Public Relations Journal is a free, web-based, open-access, quarterly academic journal presented by the Public Relations Society of America and the Institute for Public Relations dedicated to offering the latest public relations and communication-based research. In June 2017, IPR combined its “Research Journal of IPR” with the PRSA “PR Journal.”
Volume 13: Issue 1 (November 2019)
Hilary Fussell Sisco, Ph.D., APR
Welcome to Volume 13 Issue 1 of Public Relations Journal. This issue marks the beginning of our third year under the new partnership with PRSA and the Institute for Public Relations. From August 1, 2018 through August 31, 2019, we had 49 submissions, including 38 original submissions. Of the total 49 submissions, 18% (n=9) were revise and resubmit, 23% (n=11) were accepted, 12% (n=6) were desk rejected, 23% (n=11) were rejected, 18% (n=9) are in the review process, and three were withdrawn for technical errors (6%). As the only journal focused on both the scholarly and practical contributions of public relations we appreciate the continued support of our authors, reviewers, editorial board, and the community.
The current issue presents research on the ever-expanding nature of public relations in business, activism, and leadership. Defining ‘Business Acumen’: A Delphi Study of Corporate Communications Leaders, by Matthew Ragas, offers a definition of business acumen from corporate communication leaders. The outcomes of this study can help focus the need for this skillset now and in the training of future leaders.
The second article, Self-Reflection in Public Relations Leaders: A Study of its Practice and Value in Russia and North America, examines self-reflection as a foundational tool in global leadership. Bruce K. Berger and Elina Erzikova offer practical insights on how to improve these tools in the classroom and practice.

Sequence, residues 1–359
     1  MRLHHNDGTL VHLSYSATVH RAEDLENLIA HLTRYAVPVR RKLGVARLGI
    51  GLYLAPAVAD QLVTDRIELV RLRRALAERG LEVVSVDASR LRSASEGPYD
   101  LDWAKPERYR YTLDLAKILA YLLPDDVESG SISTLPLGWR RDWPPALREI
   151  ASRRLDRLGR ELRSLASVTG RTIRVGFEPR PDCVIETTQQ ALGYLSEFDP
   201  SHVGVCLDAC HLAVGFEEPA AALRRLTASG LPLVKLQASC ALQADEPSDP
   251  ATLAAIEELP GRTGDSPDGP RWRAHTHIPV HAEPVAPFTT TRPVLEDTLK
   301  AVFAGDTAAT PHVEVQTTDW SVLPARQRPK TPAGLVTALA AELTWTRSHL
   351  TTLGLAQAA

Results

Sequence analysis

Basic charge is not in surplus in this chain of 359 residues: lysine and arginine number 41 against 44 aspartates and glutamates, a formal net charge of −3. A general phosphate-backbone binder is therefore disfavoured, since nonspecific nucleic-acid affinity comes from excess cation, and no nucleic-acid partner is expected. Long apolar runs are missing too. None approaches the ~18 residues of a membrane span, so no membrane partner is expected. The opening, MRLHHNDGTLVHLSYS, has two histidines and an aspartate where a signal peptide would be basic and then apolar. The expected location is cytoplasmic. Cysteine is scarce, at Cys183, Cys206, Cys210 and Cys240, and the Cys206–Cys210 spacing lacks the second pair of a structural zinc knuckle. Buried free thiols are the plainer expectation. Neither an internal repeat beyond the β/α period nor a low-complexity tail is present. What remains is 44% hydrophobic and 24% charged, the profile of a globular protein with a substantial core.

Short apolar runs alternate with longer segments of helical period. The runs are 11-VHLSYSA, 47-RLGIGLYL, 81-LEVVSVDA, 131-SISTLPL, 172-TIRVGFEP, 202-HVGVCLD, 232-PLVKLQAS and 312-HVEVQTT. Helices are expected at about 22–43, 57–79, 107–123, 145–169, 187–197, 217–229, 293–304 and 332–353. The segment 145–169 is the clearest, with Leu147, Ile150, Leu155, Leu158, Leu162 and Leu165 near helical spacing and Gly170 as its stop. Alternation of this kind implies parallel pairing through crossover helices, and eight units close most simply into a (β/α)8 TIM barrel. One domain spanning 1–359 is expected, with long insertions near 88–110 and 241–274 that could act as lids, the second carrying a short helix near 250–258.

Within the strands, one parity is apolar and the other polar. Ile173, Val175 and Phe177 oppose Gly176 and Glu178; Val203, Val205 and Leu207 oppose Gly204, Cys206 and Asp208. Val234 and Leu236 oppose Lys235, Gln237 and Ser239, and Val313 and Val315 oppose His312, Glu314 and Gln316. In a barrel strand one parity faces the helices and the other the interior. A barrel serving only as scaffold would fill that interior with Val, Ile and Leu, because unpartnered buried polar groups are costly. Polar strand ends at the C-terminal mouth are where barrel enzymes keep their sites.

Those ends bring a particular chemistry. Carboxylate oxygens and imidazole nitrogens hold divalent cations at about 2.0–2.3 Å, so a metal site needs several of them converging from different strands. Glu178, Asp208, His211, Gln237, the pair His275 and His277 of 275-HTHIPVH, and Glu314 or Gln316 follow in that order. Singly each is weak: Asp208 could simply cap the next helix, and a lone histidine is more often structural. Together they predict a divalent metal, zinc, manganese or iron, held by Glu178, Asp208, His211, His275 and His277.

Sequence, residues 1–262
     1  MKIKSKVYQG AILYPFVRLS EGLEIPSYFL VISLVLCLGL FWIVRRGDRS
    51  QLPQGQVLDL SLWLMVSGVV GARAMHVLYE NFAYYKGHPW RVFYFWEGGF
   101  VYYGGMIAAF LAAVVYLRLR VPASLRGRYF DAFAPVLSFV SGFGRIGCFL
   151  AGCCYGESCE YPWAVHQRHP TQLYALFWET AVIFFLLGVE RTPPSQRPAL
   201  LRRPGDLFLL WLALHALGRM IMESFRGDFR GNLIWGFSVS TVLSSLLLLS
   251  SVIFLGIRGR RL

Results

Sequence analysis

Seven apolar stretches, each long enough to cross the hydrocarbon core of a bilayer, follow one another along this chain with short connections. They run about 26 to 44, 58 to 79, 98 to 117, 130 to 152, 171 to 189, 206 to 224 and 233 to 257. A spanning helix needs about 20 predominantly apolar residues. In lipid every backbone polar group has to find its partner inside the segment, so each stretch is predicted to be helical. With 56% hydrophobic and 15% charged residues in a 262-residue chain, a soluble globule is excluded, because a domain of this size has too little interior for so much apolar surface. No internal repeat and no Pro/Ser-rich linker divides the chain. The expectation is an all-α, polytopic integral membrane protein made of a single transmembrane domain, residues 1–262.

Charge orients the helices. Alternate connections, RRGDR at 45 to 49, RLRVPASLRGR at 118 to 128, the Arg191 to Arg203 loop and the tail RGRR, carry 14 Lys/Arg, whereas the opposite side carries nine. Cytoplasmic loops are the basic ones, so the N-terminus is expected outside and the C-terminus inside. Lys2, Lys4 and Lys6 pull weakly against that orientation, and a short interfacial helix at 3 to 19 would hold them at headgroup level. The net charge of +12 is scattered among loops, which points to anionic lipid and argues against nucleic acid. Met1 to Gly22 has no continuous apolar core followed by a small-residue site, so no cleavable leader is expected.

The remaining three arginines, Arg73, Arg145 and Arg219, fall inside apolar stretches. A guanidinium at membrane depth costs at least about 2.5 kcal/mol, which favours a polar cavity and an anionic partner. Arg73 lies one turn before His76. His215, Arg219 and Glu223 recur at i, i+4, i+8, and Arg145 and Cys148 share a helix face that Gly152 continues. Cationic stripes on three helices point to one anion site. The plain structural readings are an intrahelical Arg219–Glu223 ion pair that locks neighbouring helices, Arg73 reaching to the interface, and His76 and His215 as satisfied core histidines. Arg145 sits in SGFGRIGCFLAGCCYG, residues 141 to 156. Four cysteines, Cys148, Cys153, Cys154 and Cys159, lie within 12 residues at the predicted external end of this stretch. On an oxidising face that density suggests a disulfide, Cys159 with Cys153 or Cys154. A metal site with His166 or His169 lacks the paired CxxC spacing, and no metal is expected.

In the third article, No Longer Just a Protest: How Women’s March Strategic Messaging for Collective Action Mobilizes a Movement, the authors offer an investigation into message strategies and social movements. Sara Steffes Hansen and Kristine M. Nicolini provide insights into the motivating strategies used by the Women’s march and how strategic communication can help to link activism and engagement.
The fourth article in this issue, by Sasha R. Dookhoo & Melissa Dodd, examines the association between online activism and offline behaviors. Slacktivists or Activists? Millennial Motivations and Behaviors for Engagement in Activism addresses the need for motivating Millennials beyond the screen and how that predicts engagement in other ways. Read the full editor's introduction here.
Matthew Ragas, Ph.D., DePaul University
Self-Reflection in Public Relations Leaders: A Study of its Practice and Value in Russia and North America
Bruce K. Berger, Ph.D., University of Alabama
Elina Erzikova, Ph.D., Central Michigan University
No Longer Just a Protest: How Women’s March Strategic Messaging for Collective Action Mobilizes a Movement
Sara Steffes Hansen, Ph.D., University of Wisconsin Oshkosh
Kristine M. Nicolini, Ph.D., APR, University of Wisconsin Oshkosh
Sasha R. Dookhoo, PAN Communications
Melissa Dodd, Ph.D., APR, University of Central Florida